We are sad to report the death of our friend and former colleague Don Steward, geological curator, GCG committee recorder around the early 1980s, and long-term GCG member and supporter. Don originally studied Geology and Zoology at the University of Reading, before studying for a Masters Degree in Oceanography at the University of Southampton. Following a spell in micropalaeontological research, Don entered the world of museums and curation at Bristol City Museum in the mid 1970s, where he worked as one of a small team of geologists. Don soon moved on to what is now the Potteries Museum in 1978, where he spent the rest of his career, until retirement in 2016. During these years at the Potteries, Don worked initially as Assistant Keeper of Natural History and ultimately as Senior Museum Officer (Natural History). The museum’s rich and diverse geological collections were a major focus of Don’s work; documentation, interpretation and publication. Don’s interests in geology always extended beyond the museum, through his extensive work on local geoconservation and site interpretation with the North Staffordshire Group of the Geologists’ Assocation.

We knew Don as a kind, friendly, thoughtful and highly knowledgeable natural science curator, always willing to share knowledge and experience, not least at regular get-togethers of the West Midlands Natural Science Collections Group. He’ll be greatly missed.

Jon Radley (Warwickshire Museum) and Vicky Ward (University of Leicester)

The Guardian newspaper also carried this obituary.

GCG were pleased to learn that the Black Country region, in the English Midlands, has just been awarded official geopark status by UNESCO. This is from their press release:

In the case of the Black Country, the significant part it played in the industrial revolution has been at the heart of the bid. More than forty varied geosites have been selected so far within the geopark that tell its story as a special landscape but more will be added as the Geopark develops. Geosites include Dudley and Wolverhampton Museums, Wrens Nest National Nature Reserve, Sandwell Valley, Red House Glass Cone, Bantock Park and Walsall Arboretum.

The project has been lead by Graham Worton, himself Black Country born and bred, and a former recipient of the GCG's Brighton Medal. Black Country fossils can be found in collections across the UK and in fact the world, with arguably the most famous being Calymene blumenbachi, more commonly known as the "Dudley Locust". 

There is a comprehensive website which describes the sites, and how to get to them.

Congratulations to everyone who has worked on the project!

It will come as no surprise that the GCG committee has been affected by the current Coronavirus pandemic. Certainly the majority of our membership is now likely to be working from home and adjusting to new ways of doing things without direct access to our collections.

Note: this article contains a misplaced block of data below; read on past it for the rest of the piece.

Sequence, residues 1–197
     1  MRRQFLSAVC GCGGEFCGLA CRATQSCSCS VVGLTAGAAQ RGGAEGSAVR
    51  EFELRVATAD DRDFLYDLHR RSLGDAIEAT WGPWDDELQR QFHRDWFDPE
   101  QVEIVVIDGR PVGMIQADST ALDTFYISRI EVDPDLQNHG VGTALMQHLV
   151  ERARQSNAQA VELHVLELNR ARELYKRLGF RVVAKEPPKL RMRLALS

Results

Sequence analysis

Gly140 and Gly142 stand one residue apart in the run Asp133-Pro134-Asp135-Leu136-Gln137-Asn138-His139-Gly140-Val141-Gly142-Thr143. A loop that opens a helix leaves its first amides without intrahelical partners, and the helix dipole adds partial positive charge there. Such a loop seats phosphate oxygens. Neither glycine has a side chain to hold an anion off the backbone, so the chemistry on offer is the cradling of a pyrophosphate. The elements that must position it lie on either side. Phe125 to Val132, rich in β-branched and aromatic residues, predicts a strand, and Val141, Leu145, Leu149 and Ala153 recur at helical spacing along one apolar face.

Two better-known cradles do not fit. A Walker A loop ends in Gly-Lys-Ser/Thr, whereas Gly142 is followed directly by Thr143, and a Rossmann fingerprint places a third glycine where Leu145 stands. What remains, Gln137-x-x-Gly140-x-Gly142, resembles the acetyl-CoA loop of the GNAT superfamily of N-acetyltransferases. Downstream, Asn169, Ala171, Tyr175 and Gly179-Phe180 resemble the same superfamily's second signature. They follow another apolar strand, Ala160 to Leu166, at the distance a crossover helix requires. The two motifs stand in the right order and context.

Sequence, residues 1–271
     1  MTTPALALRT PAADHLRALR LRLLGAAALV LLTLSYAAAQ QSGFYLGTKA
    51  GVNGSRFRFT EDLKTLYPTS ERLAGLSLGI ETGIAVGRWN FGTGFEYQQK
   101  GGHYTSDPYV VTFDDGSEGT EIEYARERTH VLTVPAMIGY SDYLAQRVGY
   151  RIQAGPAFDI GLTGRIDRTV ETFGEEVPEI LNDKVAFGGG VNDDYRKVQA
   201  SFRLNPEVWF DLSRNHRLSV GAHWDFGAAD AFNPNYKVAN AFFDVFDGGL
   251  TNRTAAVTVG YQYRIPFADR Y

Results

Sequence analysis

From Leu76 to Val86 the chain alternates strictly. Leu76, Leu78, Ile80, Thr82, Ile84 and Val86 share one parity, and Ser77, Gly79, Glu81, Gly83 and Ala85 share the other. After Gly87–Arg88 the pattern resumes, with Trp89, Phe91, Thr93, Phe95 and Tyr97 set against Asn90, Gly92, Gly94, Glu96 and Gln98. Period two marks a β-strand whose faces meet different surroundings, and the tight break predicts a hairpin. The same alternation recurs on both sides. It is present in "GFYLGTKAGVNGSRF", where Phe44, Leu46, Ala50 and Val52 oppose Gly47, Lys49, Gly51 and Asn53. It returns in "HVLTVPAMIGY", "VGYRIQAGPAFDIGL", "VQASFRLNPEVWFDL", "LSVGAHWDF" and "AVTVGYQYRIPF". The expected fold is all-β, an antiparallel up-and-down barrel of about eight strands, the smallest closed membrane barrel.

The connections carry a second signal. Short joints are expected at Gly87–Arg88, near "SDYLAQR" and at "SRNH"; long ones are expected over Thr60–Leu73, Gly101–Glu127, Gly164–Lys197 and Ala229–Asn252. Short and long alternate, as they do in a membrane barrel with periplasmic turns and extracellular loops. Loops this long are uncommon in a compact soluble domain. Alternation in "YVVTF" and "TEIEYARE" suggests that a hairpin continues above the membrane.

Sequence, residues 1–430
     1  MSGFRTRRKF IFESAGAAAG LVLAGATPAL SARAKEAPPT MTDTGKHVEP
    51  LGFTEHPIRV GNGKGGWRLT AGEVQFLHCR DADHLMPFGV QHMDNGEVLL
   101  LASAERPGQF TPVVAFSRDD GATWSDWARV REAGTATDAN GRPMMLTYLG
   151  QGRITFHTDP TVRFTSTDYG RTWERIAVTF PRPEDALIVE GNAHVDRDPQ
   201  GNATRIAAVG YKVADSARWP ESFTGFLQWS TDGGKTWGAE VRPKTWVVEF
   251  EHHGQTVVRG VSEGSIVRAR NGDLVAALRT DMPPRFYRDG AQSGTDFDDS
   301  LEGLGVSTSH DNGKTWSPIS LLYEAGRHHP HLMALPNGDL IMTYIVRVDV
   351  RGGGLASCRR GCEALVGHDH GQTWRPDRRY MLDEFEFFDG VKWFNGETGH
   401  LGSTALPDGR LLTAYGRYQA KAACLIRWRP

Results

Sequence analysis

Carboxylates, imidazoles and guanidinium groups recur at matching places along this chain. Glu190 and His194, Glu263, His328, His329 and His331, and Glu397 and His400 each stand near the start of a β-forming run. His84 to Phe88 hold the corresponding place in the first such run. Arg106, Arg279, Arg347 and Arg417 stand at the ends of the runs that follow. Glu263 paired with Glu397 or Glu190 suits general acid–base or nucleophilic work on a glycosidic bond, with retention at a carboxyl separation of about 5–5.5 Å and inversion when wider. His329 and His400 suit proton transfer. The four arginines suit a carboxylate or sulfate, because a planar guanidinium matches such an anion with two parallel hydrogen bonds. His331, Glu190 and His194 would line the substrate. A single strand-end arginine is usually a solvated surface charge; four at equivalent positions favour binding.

However we still intend to function as a committee, using whatever tools we can. You can still contact us using the contact details on our committee pages and we will do our best to answer you. Our JiscMail list is still functioning as always. 

We will try to flag up links and resources that you might find useful. Right now, why not look at:

If you know of anything that could add to this list, let us know directly on This email address is being protected from spambots. You need JavaScript enabled to view it. 

The GCG Committee were saddened to hear last week of the passing of Jenny Clack, whose work on the origin and evolution of early tetrapods will have been familiar to many of our members. The University of Cambridge has posted a short notice here

We would like to extend our condolences to Jenny's family and friends. 

Hugh Miller coverHugh Miller was a self-taught Scottish geologist born in 1802, whose writings are widely credited with arousing the interest of the public in the new science of geology. In 2017 GCG published what is to date one of the largest issues of our journal dedicated to his life and works. Under our long standing open access policy, this month we are able to make this edition freely available via our website. It represents the culmination of many hours of hard work on the part of the authors and editor, and is well worth a read if you are interested in the geology of Scotland, or in the early history of the science. Head over to the journal page now and download yourself a copy.

If you want access to our latest journals, including the popular Ethics and Pyrite Oxidation special issues, now is a good time to join GCG. You can do this online and get instant access via our Membership page.